Using your pension fund money, whether you’ve resigned or been retrenched, is very risky. Your business has no guarantee of success, so you’re gambling with your retirement. Read more: Why is withdrawing from my retirement fund a bad idea?

Increasing your home loan to fund the business is also very risky as you could lose your home if the business fails. In addition, you will incur extra interest on the loan.

Borrowing money in your personal capacity means you’re no longer bootstrapping in the true sense of the word and you lose some of the great advantages. For instance, you may lose 100% ownership if you borrow money from family or friends as they may request a share in the business in return.


Recouping your investment

As the business grows you may be able to withdraw funds, as long as there is sufficient capital for the business to continue operating. The legal structure of the business determines how these withdrawals are made:

  • Sole Proprietor or partnership

The money you invested is classified as owner’s / partner’s equity and can be taken as drawings, either when needed or on a regular basis.  All profits are added to the owner’s / partner’s equity and forms part of the funds that are available for drawing.

  • A personal liability company (Inc), a private company (Pty) Ltd, a public company (Ltd) or non-profit company (NPC) or close corporation (CC)

In this case, the money you invested is considered a loan to the business.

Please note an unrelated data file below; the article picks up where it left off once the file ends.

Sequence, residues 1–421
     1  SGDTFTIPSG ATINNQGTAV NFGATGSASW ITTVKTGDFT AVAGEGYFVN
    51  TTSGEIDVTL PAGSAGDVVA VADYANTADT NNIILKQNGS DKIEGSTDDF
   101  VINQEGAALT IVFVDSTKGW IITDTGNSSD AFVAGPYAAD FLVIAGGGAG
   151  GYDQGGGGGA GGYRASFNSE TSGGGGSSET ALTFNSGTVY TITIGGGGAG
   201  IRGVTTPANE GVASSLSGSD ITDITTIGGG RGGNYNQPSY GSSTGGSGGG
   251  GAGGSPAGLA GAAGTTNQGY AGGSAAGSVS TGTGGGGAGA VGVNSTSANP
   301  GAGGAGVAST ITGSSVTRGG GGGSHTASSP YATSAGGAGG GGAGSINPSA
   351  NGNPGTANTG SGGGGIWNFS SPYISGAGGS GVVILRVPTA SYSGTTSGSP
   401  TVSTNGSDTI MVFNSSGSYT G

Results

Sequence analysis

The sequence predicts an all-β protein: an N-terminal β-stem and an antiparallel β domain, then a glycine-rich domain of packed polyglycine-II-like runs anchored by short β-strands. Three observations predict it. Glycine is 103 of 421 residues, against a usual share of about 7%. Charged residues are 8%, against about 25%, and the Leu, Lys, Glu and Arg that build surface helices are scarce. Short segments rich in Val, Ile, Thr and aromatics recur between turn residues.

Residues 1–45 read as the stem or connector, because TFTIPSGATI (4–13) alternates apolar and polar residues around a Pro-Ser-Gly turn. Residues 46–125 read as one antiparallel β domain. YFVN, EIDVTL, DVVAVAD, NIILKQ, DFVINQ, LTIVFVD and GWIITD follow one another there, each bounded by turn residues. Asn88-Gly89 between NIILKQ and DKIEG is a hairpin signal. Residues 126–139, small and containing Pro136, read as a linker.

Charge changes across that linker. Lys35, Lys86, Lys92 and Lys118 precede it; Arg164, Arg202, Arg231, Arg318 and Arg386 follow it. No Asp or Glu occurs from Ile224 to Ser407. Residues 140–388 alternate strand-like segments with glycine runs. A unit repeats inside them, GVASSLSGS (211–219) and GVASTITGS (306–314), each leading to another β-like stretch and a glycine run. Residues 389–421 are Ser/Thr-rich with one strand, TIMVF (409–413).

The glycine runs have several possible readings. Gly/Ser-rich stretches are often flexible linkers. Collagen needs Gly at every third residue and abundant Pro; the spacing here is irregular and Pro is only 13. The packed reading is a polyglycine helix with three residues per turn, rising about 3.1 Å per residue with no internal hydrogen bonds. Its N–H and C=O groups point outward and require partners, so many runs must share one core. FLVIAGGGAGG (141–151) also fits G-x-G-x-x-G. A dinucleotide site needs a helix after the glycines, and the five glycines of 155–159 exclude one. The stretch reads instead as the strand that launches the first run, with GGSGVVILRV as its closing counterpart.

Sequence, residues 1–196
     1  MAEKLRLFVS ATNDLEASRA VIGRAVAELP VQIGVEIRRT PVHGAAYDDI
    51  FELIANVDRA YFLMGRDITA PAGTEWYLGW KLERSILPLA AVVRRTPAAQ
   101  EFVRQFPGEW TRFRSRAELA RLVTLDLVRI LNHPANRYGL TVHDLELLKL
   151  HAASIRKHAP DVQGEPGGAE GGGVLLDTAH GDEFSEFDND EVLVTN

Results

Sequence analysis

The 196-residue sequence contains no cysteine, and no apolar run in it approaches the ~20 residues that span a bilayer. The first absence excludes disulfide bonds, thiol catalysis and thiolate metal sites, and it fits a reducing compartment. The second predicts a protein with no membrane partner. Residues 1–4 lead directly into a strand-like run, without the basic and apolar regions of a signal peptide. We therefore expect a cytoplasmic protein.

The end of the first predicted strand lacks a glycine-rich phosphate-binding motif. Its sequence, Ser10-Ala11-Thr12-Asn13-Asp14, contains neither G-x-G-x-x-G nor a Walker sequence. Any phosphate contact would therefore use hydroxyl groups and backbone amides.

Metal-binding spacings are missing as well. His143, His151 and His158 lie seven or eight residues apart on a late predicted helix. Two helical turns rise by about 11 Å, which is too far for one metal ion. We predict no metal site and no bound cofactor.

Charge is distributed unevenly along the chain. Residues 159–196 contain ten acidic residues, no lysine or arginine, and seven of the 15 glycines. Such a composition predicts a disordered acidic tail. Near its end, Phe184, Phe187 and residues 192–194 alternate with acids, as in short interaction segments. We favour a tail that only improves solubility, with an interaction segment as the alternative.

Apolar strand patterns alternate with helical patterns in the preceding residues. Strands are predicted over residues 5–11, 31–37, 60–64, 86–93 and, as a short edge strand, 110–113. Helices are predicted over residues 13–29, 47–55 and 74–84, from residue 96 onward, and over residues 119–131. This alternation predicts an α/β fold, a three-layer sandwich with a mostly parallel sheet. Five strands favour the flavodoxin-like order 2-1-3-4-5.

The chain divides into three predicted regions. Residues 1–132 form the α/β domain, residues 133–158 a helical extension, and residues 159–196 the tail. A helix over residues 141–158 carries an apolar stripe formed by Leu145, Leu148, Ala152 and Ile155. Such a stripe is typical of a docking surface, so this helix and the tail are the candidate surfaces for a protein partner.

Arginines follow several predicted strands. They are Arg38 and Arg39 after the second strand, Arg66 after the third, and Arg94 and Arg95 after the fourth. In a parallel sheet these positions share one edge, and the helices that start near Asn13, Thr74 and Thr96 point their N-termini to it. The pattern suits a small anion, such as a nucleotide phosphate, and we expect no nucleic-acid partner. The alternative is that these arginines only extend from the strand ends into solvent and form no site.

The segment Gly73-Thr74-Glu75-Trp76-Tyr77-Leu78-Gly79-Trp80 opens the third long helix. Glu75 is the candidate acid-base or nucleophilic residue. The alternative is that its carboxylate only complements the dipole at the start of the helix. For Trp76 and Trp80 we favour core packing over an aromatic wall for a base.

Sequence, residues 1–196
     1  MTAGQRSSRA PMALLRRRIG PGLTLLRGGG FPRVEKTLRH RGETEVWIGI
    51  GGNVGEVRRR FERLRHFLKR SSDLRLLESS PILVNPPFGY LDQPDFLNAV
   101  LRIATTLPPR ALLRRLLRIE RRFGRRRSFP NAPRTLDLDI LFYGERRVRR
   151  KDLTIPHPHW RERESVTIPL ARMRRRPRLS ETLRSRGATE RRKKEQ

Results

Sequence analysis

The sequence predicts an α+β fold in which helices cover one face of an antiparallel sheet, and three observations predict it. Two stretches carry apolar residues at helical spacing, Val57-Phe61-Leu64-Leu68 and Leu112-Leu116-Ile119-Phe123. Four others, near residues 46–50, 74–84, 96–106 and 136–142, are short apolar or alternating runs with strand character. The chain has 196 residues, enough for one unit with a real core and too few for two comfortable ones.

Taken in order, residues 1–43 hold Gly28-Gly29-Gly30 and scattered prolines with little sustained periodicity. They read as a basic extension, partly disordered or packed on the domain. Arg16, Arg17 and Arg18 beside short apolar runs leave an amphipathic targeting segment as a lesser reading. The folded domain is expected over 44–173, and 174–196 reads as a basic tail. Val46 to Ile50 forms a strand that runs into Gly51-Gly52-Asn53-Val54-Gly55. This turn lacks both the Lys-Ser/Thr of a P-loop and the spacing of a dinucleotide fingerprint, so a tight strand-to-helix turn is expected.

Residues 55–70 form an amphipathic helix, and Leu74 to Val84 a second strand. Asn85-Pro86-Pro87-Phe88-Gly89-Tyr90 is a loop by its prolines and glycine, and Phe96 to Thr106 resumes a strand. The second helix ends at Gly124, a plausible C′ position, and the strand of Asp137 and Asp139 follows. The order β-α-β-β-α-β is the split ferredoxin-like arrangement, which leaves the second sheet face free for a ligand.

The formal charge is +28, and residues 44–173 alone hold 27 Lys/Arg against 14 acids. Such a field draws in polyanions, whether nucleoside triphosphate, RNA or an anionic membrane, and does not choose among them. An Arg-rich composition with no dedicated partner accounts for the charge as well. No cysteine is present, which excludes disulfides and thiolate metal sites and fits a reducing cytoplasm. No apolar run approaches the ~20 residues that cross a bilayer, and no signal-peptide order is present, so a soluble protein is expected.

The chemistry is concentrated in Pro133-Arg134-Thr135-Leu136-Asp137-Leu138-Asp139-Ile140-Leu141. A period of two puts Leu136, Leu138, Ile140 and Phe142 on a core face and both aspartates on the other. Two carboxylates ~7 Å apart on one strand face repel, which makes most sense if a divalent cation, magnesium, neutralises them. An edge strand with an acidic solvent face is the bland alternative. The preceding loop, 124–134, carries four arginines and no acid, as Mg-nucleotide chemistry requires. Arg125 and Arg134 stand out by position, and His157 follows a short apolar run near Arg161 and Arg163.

You should draft a business loan agreement to outline the interest rate charged, how it will be repaid and the consequences of non-payment.  You can lend the money at no interest if you want to and you are regarded as a creditor of the business like any other creditor.

You will not pay income tax on loan repayments received, but interest received forms part of your taxable income. Once the business generates a profit (excluding a non-profit company (NPC)), dividends can be distributed amongst the owners, which are taxed at 20%.

It is advisable to consult an accountant to fully understand the tax implications before deciding on the business structure.


Safeguarding your assets

An important consideration is protecting your home, savings and other possessions from business creditors. If you are a sole proprietor, the business is not a separate legal entity. You are responsible for all the business debts, so your personal assets could be liquidated to cover any debt.

The same is true for a partnership as well as a personal liability company, where the partners, shareholders and directors (past and present) are responsible for any debts of the company.

If the business is a separate legal entity such as a private company, public company or non-profit company or a close corporation , shareholders and employees are not liable for the debts of the business. Directors could be held liable if they are negligent in their duties and not acting in the best interest of the company.

It’s also important to note that savings in a retirement annuity (RA) are safe from creditors, irrespective of the type of business you own.  Read more: How do retirement annuities allow me to create my own retirement savings?